Presentation on theme: "National Science Foundation Electrical Degradation in Thin Layer BaTiO 3 : Microchemical Origins and Microstructural Control Clive A. Randall, Pennsylvania."— Presentation transcript:
National Science Foundation Electrical Degradation in Thin Layer BaTiO 3 : Microchemical Origins and Microstructural Control Clive A. Randall, Pennsylvania State University, DMR (GOALI) Explanation: Companies such as Kemet are manufacturing multilayer ceramic capacitors using the high permittivity ferroelectric material, Barium Titanate, and nickel electrodes. The materials must be co-processed so the nickel does not oxide and the dielectric maintains a low leakage current. It was found through state-of-the-art electron microscopy studies that a new alloy formed at this interface, and this impacted the roughness and porosity. Through fast firing at rates times greater than typically used, problems associated with this interface could be overcome. Voltage contrast scanning electron microscopy image of a partially degraded multilayer capacitor. Bright contrast is indicative of highly conductive regions within the layers. Outcome: Researchers at Penn State have developed new insights into the conduction and degradation mechanisms controlling ultrathin multilayer ceramic capacitors. Impact: New fast firing processes are found to minimize electrode roughness and porosity and provide an effective manufacturing route for submicron dielectric layer thickness. These findings will continue to aid device miniaturization, which will provide an increase in volumetric efficiency by an order of magnitude. Electrical leakage will also be minimized with this approach, enabling hand- held electronics to have longer battery lifetime, and size reduction provides increased functionality.
National Science Foundation Electrode Discontinuity Characterization in Multilayer Capacitors Clive A. Randall and Elizabeth Dickey, Pennsylvania State University, and Abhijit Gurav, Kemet Corporation, DMR The performance of electrical components, such as multilayer ceramic capacitors (MLCC), is controlled by the local heterogeneities, such as electrode discontinuities. Accurate characterization of such defects has been made possible by serially sectioning MLCC cross- section using focused ion beam (FIB). A series of images generated by this technique can be used to reconstruct three-dimensional images, which can reveal the exact shape and size of these electrode discontinuities and make it possible for us to measure electrode continuity more accurately. I-beam MLCC cross-section Serial-sectioning Schematic Three-dimensional MLCC cross-section generated using serially sectioned images
National Science Foundation The presence of electrode discontinuities leads to local enhancement in electric field, which in turn leads to higher leakage current and inferior degradation resistance. This is shown in a finite element simulation in an MLCC microstructure, which shows that the electric field is 4.13 times the average value near the discontinuity. Such studies have a broad impact not only on the capacitor industry, but also on other devices that use multilayer technology, such as multilayer actuators, multilayer varistors, solid oxide fuel cells, etc. Better processing and control of the interface should have a direct impact on these locally high field regions that limit performance in present day devices. Electrode Discontinuity Characterization in Multilayer Capacitors Clive A. Randall and Elizabeth Dickey, Pennsylvania State University, and Abhijit Gurav, Kemet Corporation, DMR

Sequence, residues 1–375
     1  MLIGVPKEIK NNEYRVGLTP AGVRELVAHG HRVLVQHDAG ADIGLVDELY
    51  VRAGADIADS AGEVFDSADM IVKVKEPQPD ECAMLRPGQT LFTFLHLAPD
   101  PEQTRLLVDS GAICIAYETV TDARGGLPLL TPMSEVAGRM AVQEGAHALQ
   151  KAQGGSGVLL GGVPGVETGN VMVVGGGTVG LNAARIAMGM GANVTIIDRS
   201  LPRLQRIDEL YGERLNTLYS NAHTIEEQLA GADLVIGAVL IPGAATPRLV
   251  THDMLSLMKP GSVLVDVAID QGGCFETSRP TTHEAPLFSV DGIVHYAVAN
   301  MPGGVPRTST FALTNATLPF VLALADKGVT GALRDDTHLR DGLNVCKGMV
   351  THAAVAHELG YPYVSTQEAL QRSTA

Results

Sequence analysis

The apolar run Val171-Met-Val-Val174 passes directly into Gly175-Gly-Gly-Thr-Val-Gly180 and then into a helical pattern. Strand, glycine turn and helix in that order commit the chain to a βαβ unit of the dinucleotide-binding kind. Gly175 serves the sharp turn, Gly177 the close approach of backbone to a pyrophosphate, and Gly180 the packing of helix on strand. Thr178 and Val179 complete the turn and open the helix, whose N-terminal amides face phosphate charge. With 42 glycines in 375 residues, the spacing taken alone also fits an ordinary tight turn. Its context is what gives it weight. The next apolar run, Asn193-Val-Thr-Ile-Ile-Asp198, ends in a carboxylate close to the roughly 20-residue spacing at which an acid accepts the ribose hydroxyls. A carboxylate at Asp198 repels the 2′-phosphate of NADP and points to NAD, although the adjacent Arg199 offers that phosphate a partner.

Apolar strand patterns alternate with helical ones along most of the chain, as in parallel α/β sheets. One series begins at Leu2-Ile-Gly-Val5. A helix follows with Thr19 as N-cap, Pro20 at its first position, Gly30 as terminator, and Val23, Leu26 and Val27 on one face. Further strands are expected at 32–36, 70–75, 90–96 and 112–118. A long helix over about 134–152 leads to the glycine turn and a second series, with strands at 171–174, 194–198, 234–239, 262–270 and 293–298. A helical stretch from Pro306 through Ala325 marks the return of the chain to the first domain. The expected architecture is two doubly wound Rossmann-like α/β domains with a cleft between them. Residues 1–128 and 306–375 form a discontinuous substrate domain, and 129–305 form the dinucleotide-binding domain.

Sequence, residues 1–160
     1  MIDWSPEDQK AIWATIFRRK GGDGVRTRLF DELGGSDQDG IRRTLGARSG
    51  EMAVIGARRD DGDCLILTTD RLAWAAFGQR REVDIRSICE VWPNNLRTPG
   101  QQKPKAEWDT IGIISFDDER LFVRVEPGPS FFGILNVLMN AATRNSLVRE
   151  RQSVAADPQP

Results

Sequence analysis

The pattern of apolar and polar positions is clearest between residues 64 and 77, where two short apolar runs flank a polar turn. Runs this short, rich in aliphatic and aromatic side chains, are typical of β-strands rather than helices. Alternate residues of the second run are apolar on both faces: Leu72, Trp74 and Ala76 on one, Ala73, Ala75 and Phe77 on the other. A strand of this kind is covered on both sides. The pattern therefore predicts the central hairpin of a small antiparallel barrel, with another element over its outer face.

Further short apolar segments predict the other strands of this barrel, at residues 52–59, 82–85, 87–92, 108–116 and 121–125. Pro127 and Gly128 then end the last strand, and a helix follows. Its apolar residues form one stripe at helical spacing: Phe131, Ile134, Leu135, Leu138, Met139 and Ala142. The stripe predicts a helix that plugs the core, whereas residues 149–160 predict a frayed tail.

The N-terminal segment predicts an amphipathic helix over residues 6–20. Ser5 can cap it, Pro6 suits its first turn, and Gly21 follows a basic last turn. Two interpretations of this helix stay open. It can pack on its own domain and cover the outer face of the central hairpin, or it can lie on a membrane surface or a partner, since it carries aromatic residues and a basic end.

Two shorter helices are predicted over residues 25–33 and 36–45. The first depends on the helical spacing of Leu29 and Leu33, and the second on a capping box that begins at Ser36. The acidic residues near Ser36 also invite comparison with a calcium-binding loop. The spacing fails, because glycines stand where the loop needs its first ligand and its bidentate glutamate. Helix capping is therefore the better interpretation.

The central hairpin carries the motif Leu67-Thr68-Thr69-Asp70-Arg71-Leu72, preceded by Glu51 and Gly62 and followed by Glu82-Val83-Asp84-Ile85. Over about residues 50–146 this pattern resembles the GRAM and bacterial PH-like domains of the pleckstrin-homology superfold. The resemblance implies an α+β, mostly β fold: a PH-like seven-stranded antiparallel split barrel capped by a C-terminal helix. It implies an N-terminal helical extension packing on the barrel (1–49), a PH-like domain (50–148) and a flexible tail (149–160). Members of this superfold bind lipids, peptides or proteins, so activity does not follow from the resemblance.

National Science Foundation Outreach This GOALI (Grant Opportunities for Academic Liaison with Industry) program, by its nature, has an outreach program with the participating companies, in this case Kemet Corporation. In addition to this, the graduate student, Malay Samantaray, participated in workshops that targeted materials, device, and end user companies, such as AVX, Cooper Power, Cabot, Ferro Corporation, Dupont, Intel, Boston Scientific, etc. In terms of educating our student (Malay Samantaray), he participated in an international dielectrics conference in Japan that was organized between the Tokyo Institute of Technology and Penn State, the aim being to have the students talk about their projects and how they can contribute to big societal issues such as energy, sustainability, health etc. Students gained a broad perspective of the international scientific challenges and an appreciation of their future peers in these types of interactions.